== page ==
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BULGARIA

Sweden jails Bulgarians for begging ring

Two Bulgarian brothers were jailed in Sweden Friday for "human trafficking" after exploiting poverty-stricken and disabled people in a begging scheme.

Sweden jails Bulgarians for begging ring
Beggars from Romania and Bulgaria have become a common sight on Sweden's streets. Photo:
The two men, aged 39 and 42, “recruited, housed and exploited” five people who were drawn into a life of begging on the streets of Gothenburg in southern Sweden.
   
The brothers received three-year and three-and-a-half-year prison sentences.
   
Their victims included a 69-year-old pensioner, an illiterate 21-year-old in a wheelchair, and a blind 62-year-old. All were lured into the deal by the promise of work in Sweden, but they did not touch the money they made from the
long days of begging.
   
The Swedish court estimates that the scheme brought the brothers more than 30,000 euros ($34,000) in five months — between June and October 2015.
   
Two others, a 31-year-old Macedonian who offered his apartment to house the victims, and a 32-year-old Bulgarian woman who helped with logistics of the setup, received lighter sentences of eight and six months in prison.
   
The Swedish government estimates that some 4,700 people, primarily from Romania and Bulgaria, have come to beg in Sweden under the EU's freedom of movement rules, with the numbers increasing sharply in the last five years.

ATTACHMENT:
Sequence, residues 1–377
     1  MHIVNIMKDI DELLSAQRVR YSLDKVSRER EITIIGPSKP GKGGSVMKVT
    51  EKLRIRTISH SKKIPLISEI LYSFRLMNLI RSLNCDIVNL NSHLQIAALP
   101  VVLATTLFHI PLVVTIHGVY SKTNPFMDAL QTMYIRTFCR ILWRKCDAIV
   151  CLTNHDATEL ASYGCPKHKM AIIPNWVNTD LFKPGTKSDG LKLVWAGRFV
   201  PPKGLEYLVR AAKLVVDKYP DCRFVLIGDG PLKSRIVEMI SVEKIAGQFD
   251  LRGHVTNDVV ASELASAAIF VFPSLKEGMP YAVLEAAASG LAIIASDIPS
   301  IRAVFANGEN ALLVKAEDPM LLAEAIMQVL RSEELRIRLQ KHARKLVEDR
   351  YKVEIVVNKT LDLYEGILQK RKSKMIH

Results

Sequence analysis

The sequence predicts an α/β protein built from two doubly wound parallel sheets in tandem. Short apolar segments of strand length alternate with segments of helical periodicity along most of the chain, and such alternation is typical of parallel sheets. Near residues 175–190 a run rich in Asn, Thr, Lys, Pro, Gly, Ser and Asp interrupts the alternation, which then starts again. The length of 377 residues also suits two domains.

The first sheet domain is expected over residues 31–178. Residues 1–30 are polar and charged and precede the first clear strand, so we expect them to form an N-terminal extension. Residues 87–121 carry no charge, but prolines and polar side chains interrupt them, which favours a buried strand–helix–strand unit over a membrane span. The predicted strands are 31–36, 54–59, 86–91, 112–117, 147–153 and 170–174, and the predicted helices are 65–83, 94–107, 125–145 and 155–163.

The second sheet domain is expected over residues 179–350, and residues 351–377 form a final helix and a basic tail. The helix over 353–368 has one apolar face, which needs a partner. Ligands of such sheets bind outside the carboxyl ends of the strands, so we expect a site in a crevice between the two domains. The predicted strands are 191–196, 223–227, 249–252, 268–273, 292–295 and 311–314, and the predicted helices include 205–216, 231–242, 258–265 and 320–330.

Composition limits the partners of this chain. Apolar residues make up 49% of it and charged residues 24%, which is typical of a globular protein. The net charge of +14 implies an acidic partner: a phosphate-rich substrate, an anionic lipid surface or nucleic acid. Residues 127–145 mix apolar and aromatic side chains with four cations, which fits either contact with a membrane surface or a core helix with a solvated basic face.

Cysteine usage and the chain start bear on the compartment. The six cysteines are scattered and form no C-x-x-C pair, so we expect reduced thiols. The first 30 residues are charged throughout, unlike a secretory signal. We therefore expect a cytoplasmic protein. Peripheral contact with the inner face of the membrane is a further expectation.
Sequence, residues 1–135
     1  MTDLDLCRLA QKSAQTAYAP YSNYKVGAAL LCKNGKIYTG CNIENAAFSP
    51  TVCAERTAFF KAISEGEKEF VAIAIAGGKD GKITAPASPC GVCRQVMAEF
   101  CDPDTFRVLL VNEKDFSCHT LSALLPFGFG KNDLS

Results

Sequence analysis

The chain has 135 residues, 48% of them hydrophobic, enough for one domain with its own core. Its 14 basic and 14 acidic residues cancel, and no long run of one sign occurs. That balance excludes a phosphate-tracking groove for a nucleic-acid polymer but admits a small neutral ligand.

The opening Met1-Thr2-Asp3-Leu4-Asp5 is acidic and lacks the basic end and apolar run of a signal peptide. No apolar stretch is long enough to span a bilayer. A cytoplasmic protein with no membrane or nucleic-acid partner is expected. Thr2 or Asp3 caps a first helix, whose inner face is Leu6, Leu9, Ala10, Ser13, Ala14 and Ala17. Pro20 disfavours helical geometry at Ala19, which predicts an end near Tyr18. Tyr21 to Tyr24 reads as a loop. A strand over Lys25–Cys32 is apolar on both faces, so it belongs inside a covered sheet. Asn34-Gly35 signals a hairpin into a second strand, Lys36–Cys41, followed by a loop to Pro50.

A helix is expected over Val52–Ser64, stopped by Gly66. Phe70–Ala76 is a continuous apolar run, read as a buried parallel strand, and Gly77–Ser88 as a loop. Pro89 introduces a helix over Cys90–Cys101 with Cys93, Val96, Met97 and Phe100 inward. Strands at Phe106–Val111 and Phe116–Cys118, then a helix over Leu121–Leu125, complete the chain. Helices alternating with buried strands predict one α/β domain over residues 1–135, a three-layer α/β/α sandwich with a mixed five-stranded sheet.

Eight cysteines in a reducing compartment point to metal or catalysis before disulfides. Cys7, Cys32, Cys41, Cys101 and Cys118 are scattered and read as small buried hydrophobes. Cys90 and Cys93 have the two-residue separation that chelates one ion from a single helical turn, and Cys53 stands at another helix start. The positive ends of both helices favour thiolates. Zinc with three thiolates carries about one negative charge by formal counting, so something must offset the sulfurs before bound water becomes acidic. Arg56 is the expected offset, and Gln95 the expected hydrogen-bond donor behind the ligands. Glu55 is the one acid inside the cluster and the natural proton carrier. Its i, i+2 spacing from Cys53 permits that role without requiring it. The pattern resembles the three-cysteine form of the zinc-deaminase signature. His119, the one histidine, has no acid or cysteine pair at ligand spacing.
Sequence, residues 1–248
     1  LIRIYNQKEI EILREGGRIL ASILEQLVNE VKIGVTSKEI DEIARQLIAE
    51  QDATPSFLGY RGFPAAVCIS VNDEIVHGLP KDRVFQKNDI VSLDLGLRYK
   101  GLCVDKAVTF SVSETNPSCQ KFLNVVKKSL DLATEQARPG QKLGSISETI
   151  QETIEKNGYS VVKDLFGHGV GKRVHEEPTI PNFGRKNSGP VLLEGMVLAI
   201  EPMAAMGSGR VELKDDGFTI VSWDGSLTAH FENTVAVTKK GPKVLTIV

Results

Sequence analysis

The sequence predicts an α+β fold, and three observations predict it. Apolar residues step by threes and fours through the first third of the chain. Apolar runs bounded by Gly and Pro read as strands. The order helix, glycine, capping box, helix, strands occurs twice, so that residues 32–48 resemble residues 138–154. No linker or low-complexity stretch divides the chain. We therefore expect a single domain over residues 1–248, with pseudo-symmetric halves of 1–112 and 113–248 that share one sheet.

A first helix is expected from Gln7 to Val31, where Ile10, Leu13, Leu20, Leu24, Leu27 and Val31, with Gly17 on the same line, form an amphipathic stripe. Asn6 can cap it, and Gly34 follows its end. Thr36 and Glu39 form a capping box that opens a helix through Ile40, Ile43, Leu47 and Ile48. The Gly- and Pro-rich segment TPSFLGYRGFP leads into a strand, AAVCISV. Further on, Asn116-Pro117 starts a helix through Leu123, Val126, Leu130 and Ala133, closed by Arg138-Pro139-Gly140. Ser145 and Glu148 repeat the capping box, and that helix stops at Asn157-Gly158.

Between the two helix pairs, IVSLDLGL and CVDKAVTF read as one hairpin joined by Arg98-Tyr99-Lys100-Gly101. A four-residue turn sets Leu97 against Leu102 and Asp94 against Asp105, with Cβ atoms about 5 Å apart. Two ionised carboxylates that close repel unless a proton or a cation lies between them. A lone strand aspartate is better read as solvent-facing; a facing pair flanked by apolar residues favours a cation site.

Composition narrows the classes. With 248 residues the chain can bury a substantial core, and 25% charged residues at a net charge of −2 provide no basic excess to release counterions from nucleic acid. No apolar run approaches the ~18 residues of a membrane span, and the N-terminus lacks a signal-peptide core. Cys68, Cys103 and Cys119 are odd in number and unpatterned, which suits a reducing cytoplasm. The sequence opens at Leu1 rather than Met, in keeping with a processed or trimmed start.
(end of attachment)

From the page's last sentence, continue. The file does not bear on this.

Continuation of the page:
ROMA

Sweden fails to cut number of ‘vulnerable EU migrants’

The number of homeless beggars from Romania and Bulgaria living in Sweden is as high as it was three years ago, according to the new government figures.

Sweden fails to cut number of 'vulnerable EU migrants'
A man begs with a sign asking for work. Photo: Emil Langvad/TT
“There are around 4,500 to 5,000 vulnerable EU citizens currently in Sweden,” Claes Ling-Vannerus, Sweden's national coordinator on the issue, told Swedish state broadcaster SVT.
 
This is the same number estimated in a report  three years ago from Martin Valfridsson, who was appointed by the Swedish government to investigate the issue and what to do about it. 
 
Sweden appointed the national coordinator to work with the governments of Romania and Bulgaria on providing aid to ethnic Roma communities to reduce the attraction of travelling to other European countries to beg. 
 
Municipalities across Sweden and volunteer organisation have offered shelter and food to those in need. 
 
Others have taken a tougher approach, with police this year starting to enforce a begging ban in Vellinge, near Malmö, the first municipality in Sweden to bring in such a ban.
 
 
Ling-Vannerus said that Sweden had recently been seeing growing numbers of poor people from Romania and Bulgaria being put to work “in substandard conditions” as cleaners or builders, or in car garages. 
 
“My conclusion is that it is very attractive to come to Sweden with the life we live here and with free movement of people, it's hard to stop that.” 
 
Sweden appointed the national coordinator to work with the governments of Romania and Bulgaria on providing aid to poor ethnic Roma communities in their countries to reduce the attraction of travelling to other European countries to beg. 
 
Municipalities across Sweden and volunteer organisation have offered shelter and food to the help those who travel to Sweden. 
 
This year police began enforcing a begging ban in Vellinge, near Malmö, the first municipality in Sweden to bring in such a measure. 
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